Kiss of a Druid Bard

Book FOUR of the series, Garland of Druids

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Brittany, May, 1920
Stephen sang his Druid lays of lost loves and fallen kings. His flute kissquiet in his hand, his dulcet singing reached out to everyone in the tavern. Touching their heart in the deep spot they’d tried to bury. His baritone voice, true and resonant, filled the room. In this small town in Brittany, still a land of the Druids, his audience sat spellbound, listening. And somehow they knew the imposing man before them had endured some of the sadness of which he sang.

When he stopped there was a moment of silence, surely the best tribute a musician can have. Stephen stood, put his flute in his pocket, and accepted the proffered glass of wine.
He would be on his way tomorrow. This room, although full of kind strangers, was not where he belonged. Maybe the next town held some answers. After all, Brittany was filled with Druid tales and fascinating ruins for a wandering minstrel to explore.

He’d found interesting ruins and megaliths. He’d found friendly people and a surprising amount who averred to be Druids, or descended from Druids. He’d been treated well, beyond well, in fact.

He’d found no peace or happiness.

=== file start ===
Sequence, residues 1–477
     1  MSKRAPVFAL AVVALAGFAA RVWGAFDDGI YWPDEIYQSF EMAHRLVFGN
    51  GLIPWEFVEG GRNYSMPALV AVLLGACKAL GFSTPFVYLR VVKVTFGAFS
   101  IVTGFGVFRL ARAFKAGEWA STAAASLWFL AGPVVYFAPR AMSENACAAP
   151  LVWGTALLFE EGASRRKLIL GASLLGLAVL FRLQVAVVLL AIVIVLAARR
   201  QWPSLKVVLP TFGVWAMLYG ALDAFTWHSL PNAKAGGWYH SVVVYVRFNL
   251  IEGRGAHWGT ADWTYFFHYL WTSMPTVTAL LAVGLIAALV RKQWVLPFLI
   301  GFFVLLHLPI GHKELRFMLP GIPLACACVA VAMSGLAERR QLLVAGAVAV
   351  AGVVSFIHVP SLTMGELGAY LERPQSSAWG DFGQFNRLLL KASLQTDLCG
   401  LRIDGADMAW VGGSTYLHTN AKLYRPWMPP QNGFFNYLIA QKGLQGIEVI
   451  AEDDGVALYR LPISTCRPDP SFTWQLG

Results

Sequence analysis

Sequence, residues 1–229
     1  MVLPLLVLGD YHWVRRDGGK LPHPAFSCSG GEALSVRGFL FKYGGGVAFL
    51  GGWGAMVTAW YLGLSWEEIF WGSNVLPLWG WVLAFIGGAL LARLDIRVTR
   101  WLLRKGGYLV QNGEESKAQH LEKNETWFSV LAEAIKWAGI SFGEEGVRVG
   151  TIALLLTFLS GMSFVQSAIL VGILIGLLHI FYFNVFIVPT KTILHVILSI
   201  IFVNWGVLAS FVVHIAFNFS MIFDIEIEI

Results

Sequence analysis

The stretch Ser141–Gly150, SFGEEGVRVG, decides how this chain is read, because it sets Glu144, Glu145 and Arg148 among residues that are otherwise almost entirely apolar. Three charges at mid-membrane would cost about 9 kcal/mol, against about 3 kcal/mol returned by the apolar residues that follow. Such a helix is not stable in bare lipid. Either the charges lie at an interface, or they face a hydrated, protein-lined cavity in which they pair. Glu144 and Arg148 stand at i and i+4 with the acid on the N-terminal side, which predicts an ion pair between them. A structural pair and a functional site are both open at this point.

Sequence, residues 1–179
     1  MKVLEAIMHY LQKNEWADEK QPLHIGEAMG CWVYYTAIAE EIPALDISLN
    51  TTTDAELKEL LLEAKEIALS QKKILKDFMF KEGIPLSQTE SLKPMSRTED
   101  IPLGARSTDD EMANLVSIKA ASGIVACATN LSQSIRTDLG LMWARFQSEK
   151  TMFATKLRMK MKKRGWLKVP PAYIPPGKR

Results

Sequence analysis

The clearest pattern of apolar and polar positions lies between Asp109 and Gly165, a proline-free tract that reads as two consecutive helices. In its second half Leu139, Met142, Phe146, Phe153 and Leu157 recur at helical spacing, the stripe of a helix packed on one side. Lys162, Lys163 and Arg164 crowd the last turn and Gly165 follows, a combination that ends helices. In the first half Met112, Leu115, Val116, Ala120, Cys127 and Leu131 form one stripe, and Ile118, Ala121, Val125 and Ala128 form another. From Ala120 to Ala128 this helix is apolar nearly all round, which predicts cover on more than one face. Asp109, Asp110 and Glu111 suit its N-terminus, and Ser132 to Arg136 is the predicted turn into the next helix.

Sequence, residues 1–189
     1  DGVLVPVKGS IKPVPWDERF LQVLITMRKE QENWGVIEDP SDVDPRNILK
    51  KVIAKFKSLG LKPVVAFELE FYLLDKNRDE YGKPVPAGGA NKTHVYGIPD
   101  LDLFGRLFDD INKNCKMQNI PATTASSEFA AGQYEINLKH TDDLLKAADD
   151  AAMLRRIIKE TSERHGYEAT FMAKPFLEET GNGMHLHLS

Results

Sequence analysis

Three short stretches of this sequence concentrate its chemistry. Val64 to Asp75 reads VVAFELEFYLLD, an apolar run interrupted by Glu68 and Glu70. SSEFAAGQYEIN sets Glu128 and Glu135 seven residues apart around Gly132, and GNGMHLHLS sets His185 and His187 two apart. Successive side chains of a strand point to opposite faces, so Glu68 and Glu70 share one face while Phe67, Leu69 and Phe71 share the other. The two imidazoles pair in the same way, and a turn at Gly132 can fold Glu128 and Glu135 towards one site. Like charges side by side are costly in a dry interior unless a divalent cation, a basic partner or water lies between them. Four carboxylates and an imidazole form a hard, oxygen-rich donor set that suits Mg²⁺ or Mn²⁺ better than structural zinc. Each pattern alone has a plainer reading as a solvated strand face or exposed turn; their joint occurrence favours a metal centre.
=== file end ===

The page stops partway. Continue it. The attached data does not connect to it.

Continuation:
Stephen strode along, his red-gold hair glinting in the sunlight, his long legs eating up the kilometers. Bronzed deeply from months of walking in the sun, his blue eyes were a startling contrast under his bright hair. His handsome features and magnificent build proclaimed him a man to be remembered. The day grew warmer and he paused to remove his shirt and tie it around his shoulders.

Warm sun on warm skin, a feeling he relished.

He rounded the corner of the small town of Gouarec. Traffic was sparse and mixed. Some jangling horses with carriages and farmer’s carts, and a few automobiles. Two or three bicycles. The horses’ hoof-clomping sounded louder to his sensitive Druid ears than the noisy engines of the few cars in this rural part of France. He noticed mostly Breton natives but also a sprinkling of sight-seeing foreigners. Brittany was a popular destination for tourists, with its interesting relics, marvelous weather, and excellent beaches.

He passed two attractive taverns. He’d decide on one for returning to for dinner. Singing his bardic lays would pass some time, as well as bring offers of food and drink. Nothing that would attach him, but might give him some hours without having to lament. Or even feel.

Suddenly a puppy scampered across the road, a small Renault roared round the corner, and a tiny girl ran after the puppy.

Stephen saw the drama converging, shouted a warning and started to sprint. Damn fool must have been going fifteen miles an hour. In town, too.  Blessed Merlin, he couldn’t reach the child in time to toss her out of the way…

All books in the Garland of Druids series
can be read as a stand alone book.

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